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Lefty’s dirty laundry

The final round finish to the second-leg of the PGA Tour’s first-ever “playoffs” at the Deutsche Bank Championship outside of Boston saw yet another thrilling installment in golf’s best rivalry between Phil Mickelson (now #1 in the FedEx standings) and Tiger Woods (currently third). Yet the Labor Day duel was marred somewhat by Mickelson’s seemingly off-the-cuff remarks following his two stroke victory over Woods, in which the world’s second-ranked player sounded off to NBC’s Jimmy Roberts about his displeasure with PGA Tour Commissioner Tim Finchem, and also threatened not to play in this week’s BMW Championship at Cog Hill in Illinois (where he’d again be paired with Woods in the first two rounds—i.e., another boon for the Tour’s television ratings and associated revenue). Lo and behold, Mickelson made good on his threat today when he announced, soon after playing a corporate outing for principal sponsor Bearing Point from Medinah—less than half an hour from where the BMW tees off Thursday–that he’d be sitting out this week.

While last week I highlighted some of the perks of the new playoff format, Mickelson has been a vocal critic of the Tour’s campaign to market golf towards the masses during a time of year traditionally dominated by the start of both college and professional football. Not only has Mickelson criticized the fact that the $35 million, FedEx “pot” will be deferred in its distribution, but rumors are (although Mickelson refused to elaborate on the nature of his Finchem-tiff on-air) that Phil’s post tournament comments may relate to the Tour’s scheduling of the four-legged “playoff,” which ends immediately before the President’s Cup in late September at the Royal Montreal Golf Club, thus creating a log-jam of tournaments for players like Mickelson who typically take the bulk of the month as vacation. Supposedly, Phil wanted the FedEx Cup playoffs to be only three tournaments, but Finchem and the Tour decided on four in order to maximize television revenue.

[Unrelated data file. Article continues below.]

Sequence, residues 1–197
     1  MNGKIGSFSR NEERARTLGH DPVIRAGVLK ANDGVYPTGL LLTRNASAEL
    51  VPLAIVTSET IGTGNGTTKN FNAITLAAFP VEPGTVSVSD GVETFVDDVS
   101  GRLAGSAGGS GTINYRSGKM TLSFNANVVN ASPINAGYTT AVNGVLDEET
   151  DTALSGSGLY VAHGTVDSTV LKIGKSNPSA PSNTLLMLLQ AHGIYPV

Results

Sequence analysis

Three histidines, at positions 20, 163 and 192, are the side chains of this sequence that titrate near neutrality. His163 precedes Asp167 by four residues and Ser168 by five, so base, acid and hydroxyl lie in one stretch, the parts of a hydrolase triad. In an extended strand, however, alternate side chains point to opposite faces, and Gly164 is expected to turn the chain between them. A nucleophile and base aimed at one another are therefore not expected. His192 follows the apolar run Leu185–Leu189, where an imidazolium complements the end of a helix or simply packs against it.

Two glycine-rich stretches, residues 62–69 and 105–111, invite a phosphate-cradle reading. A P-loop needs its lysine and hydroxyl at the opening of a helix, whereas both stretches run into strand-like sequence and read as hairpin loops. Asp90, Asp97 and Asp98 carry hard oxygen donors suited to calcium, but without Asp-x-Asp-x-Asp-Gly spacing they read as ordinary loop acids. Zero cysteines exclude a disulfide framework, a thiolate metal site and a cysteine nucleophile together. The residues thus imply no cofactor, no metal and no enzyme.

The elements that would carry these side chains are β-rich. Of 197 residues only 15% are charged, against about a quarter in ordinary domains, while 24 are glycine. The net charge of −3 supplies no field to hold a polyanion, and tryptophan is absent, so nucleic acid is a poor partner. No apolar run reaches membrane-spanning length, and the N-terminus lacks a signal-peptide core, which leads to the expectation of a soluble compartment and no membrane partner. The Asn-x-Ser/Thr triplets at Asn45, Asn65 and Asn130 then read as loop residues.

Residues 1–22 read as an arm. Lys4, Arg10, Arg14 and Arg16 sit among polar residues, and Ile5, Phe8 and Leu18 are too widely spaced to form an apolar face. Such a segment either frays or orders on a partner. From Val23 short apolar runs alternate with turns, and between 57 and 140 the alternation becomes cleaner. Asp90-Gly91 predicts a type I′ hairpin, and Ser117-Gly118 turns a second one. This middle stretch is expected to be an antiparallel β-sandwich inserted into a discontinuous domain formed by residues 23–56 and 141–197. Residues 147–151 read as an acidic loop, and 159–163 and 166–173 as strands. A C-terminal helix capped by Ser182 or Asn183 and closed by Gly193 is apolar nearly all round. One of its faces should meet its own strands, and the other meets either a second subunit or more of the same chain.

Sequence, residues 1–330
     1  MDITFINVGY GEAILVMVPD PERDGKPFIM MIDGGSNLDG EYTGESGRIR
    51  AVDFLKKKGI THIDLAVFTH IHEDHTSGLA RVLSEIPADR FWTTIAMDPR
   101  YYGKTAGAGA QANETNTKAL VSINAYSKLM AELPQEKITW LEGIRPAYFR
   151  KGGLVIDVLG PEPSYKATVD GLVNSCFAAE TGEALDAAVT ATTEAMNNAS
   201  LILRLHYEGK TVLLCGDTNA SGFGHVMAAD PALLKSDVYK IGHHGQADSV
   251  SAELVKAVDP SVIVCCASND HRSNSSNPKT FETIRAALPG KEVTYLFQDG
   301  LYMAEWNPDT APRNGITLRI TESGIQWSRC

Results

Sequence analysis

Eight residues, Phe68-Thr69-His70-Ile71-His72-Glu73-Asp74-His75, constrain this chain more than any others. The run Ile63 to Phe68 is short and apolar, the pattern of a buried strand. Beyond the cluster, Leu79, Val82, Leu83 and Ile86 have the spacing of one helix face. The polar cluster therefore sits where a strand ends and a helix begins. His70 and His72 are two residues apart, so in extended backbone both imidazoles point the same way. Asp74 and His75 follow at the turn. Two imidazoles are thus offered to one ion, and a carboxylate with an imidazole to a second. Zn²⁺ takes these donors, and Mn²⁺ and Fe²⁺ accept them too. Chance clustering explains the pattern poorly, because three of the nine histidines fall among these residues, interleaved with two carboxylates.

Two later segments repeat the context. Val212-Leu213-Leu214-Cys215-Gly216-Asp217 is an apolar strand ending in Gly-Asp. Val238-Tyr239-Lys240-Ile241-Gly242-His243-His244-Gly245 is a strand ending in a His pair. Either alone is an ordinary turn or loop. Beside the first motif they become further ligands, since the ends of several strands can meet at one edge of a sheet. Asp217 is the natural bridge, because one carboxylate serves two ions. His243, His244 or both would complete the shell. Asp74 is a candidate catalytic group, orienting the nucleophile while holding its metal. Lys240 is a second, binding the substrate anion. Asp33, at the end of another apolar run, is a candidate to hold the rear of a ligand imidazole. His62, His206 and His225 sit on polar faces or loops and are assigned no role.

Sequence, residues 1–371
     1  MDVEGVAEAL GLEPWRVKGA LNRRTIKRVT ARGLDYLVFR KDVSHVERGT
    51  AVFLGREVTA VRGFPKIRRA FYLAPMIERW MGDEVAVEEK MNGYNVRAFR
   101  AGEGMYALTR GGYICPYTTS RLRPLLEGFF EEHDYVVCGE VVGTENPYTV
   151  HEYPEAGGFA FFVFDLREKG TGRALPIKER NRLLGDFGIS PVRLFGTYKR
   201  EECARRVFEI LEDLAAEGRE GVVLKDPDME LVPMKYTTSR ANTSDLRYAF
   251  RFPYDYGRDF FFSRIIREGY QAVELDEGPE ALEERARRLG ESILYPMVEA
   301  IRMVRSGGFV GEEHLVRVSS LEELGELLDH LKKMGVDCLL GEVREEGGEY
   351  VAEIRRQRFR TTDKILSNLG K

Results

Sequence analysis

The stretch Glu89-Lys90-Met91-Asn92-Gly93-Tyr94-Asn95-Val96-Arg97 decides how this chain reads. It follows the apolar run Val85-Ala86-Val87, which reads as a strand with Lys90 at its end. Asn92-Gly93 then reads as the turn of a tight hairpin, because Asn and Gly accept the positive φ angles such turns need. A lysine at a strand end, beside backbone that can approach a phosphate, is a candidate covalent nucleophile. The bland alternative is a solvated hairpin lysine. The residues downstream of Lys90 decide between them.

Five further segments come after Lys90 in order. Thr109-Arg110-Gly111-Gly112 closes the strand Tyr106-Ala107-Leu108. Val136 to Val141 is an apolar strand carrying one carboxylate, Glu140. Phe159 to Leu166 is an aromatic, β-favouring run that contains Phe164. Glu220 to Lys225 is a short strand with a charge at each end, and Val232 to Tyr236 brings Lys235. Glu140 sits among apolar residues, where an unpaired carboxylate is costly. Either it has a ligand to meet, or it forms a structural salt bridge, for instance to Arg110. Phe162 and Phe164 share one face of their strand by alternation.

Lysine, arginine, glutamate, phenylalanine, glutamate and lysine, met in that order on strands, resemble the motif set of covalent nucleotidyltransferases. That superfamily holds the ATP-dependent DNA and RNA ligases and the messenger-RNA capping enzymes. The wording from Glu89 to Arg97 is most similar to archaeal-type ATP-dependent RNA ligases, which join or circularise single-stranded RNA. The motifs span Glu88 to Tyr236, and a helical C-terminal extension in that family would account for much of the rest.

Phil did mention on-air that he would like to have more time with his family around the start of his kids’ school. And even Tiger skipped the first-leg at The Barclays due to fatigue. So perhaps the issue of time is all there is to it. But perhaps there’s more. It’s common knowledge that no major decision is made by Finchem and the Tour without it first being run by Team Tiger and his IMG agent Mark Steinberg. And perhaps, to a lesser extent, by Mickelson and his camp. But now that Mickelson has Tiger’s old swing coach in tow (exactly what secrets did Butch pass along to Phil about playing with his nemesis?), and now that he has gone mano-a-mano with Woods and finally lived to tell about it, perhaps Mickelson feels he deserves the same kind of deference from Finchem that Woods habitually receives by default.

Also, I can’t help but wonder whether or not Phil’s sudden candor on NBC was really all that sudden. To that extent, if it was contrived (i.e., a not-so-subtle jab at Finchem and the Tour), how wise of a move was it? To what extent would Phil’s agent, Steve Loy of Gaylord Sports Management, be privy to this kind of attack on Finchem and the rest of the Tour, at a time when the Tour desperately needs its stars in-line for the FedEx format to succeed? To what extent should he be? It’s the job of an agent to look out for his or her client’s best interests. That includes P.R. And while Mickelson came away a winner yesterday in Boston, perhaps he won just a bit more than he bargained for.

–Jason G. Wulterkens